One of the ways in which the Bill proposes to deal with that problem is by setting up these regional advisory committees under Clause 62. Unfortunately, the clause refers only to North Wales. That is not even geographically defined. The "other regions" are without number or geographical definition. We know that the committees proposed, when established, will advise the assembly and will consist of elected assembly members for each area. The first problem is to define the regions geographically. The advisory group set up by the Secretary of State which examined the issue, but came to no firm conclusion, recognised that this is an issue on which there will be many different viewpoints and that none of the possible options would be perfect.

The advisory group mentioned two such options, the first being the four regions proposed by the Welsh Office for the recast Welsh Development Agency and the second being a seven-region model based on rurality and socio-economic indicators. I am told by the noble Lord, Lord Geraint, that there is also in circulation yet another new model which divides Wales into two.

Lord Elis-Thomas: The sheep and goats.

Lord Roberts of Conwy: The first four-region option described by the advisory group in its consultative document entitled A National Assembly for Wales as option A is not far removed from the five-region proposal based on the assembly's own electoral region pattern, which in turn is based on the five European parliamentary constituencies.

I would be the first to admit that, although those electoral regions, as they are referred to in the Bill, are not ideal in physical geographical terms, they are acceptable because an attempt has been made to secure constituencies of roughly comparable size in population terms--around the 400,000 mark. It is population and people who matter most in electoral representation. That has meant creating a mid-Wales electoral region which reaches from Llanelli to Llanrwst--an absurdity by most people's standards, but not immutably so. I think adjustments should be possible over time. The electoral regions as defined in the Bill which are to be used for the purpose of electing assembly members on a proportional basis would seem to be a good starting point.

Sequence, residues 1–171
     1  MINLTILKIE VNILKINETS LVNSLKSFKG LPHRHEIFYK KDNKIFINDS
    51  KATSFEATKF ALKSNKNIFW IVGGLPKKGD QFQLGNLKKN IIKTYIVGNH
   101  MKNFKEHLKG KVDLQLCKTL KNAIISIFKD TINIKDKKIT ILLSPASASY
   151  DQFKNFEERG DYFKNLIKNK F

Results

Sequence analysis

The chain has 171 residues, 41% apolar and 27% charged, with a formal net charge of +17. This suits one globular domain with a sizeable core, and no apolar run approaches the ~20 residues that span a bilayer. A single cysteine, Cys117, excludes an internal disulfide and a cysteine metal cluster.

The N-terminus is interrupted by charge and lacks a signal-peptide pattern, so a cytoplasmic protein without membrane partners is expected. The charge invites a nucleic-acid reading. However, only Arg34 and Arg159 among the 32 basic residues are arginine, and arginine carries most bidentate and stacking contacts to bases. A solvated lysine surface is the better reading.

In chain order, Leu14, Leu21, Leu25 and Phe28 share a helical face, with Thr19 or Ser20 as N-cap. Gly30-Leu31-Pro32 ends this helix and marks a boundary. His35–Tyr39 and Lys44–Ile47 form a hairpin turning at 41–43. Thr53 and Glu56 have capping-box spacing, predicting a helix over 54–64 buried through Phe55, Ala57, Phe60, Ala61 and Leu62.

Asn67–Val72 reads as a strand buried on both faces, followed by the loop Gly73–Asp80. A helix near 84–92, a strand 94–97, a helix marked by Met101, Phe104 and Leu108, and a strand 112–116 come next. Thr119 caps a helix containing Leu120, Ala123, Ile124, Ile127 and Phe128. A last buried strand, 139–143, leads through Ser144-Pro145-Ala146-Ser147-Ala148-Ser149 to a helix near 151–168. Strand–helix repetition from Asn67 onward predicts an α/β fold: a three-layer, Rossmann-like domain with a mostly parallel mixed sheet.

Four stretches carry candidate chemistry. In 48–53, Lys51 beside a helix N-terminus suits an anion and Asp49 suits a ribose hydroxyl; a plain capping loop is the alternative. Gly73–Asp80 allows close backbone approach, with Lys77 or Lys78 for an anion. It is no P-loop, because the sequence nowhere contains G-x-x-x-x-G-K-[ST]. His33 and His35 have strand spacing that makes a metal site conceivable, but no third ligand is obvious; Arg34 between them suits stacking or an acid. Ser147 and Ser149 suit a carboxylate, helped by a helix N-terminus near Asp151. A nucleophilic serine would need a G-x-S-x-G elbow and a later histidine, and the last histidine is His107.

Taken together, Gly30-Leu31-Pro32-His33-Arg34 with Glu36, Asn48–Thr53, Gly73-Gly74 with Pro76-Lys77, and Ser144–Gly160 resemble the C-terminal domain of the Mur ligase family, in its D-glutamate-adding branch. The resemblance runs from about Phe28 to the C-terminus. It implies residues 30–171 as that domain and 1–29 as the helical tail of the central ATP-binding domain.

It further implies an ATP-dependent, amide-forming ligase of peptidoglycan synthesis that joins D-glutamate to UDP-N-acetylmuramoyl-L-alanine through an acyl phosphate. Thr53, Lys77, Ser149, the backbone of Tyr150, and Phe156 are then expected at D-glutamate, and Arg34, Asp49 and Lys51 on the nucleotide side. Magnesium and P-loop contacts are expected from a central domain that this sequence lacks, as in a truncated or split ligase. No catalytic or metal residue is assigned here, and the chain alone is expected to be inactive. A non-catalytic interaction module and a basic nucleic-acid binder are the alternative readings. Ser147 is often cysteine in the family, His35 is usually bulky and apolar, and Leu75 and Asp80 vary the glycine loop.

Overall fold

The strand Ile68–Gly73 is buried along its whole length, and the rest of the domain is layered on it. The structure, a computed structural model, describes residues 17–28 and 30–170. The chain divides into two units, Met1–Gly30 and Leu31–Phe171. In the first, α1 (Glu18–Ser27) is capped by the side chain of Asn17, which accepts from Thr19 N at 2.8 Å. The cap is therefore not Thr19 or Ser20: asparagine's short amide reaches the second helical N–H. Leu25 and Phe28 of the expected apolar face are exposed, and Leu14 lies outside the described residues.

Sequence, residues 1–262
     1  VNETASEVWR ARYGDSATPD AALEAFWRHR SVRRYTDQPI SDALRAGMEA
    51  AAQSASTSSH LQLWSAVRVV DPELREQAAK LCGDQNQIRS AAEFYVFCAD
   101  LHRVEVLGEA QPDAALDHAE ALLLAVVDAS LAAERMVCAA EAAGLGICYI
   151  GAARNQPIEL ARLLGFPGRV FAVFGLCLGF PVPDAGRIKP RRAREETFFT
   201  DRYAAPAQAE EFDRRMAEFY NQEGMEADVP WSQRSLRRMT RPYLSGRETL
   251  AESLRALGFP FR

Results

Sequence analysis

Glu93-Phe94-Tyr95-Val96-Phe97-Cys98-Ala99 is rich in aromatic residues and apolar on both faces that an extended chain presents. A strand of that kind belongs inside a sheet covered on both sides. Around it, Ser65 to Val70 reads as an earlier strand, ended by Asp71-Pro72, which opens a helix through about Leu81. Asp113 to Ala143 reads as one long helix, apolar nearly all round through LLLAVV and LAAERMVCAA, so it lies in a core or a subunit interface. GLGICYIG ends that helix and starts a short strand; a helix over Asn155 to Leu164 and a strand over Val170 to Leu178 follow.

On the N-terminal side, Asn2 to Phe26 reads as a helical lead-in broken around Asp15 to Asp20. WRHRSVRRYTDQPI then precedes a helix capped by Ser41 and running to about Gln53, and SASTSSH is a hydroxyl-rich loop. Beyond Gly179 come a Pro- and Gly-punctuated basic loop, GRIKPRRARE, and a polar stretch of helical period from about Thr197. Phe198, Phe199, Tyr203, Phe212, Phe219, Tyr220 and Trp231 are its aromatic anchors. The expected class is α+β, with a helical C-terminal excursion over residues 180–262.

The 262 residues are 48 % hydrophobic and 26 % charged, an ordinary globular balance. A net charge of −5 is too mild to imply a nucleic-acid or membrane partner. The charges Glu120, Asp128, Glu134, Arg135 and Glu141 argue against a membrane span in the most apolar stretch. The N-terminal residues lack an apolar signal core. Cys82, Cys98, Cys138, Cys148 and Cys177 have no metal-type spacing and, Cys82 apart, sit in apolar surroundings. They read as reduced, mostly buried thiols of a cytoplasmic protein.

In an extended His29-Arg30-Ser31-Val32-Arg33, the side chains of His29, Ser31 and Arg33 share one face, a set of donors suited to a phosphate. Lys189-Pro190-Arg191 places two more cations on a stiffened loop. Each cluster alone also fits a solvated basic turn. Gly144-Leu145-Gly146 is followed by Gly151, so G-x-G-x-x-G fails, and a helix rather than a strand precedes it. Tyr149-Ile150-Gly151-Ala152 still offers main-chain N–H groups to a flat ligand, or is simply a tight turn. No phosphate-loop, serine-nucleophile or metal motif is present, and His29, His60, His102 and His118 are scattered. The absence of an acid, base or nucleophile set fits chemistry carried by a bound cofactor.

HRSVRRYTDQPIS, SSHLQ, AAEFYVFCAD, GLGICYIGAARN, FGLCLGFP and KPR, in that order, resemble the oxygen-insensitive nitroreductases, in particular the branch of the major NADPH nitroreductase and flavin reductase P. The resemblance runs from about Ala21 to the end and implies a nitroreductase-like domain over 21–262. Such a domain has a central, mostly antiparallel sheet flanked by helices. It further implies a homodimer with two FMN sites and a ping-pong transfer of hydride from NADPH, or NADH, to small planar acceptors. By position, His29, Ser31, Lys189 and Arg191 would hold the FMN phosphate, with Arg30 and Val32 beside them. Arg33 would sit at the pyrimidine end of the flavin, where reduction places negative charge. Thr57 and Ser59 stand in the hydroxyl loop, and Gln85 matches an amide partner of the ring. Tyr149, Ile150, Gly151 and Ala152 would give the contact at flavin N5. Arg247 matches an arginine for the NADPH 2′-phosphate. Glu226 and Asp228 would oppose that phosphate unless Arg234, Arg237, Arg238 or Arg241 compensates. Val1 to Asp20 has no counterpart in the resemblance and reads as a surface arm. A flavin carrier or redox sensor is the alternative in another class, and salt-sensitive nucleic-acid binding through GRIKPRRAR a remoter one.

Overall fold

I would argue that there is much to be said for establishing the five regional committees under Clause 62, based on the electoral regions used in the assembly elections and comprising the assembly members elected for those regions. Why adopt a different regional arrangement from the one used for elections to the assembly? If there are infelicities they can surely be put right in time by the Boundary Commission.

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It has been suggested that the assembly's regional committees should be coterminous with other bodies' regional groupings--the WDA or the local authorities. But there is no suggestion in this clause that the membership of those committees should be extended beyond assembly members to other persons belonging to different bodies.

If our proposal is adopted, each committee would have a sizeable membership, I calculate of about 12. I have no quarrel with the advisory group's analysis of the role of regional committees in:

    "ensuring that the Assembly has close links with the regions, liaising with regional economic fora, unitary authorities, town and community councils and other local groups",

and drawing the assembly's attention to issues of concern to the regions. Some will feel, in the regions in particular, that this is inadequate. The electors of the regions may not be satisfied that their needs will be attended to. We therefore propose that each regional committee shall have the power to censure the executive committee, and that the executive committee should resign unless the assembly passes a vote of confidence in it within 28 days.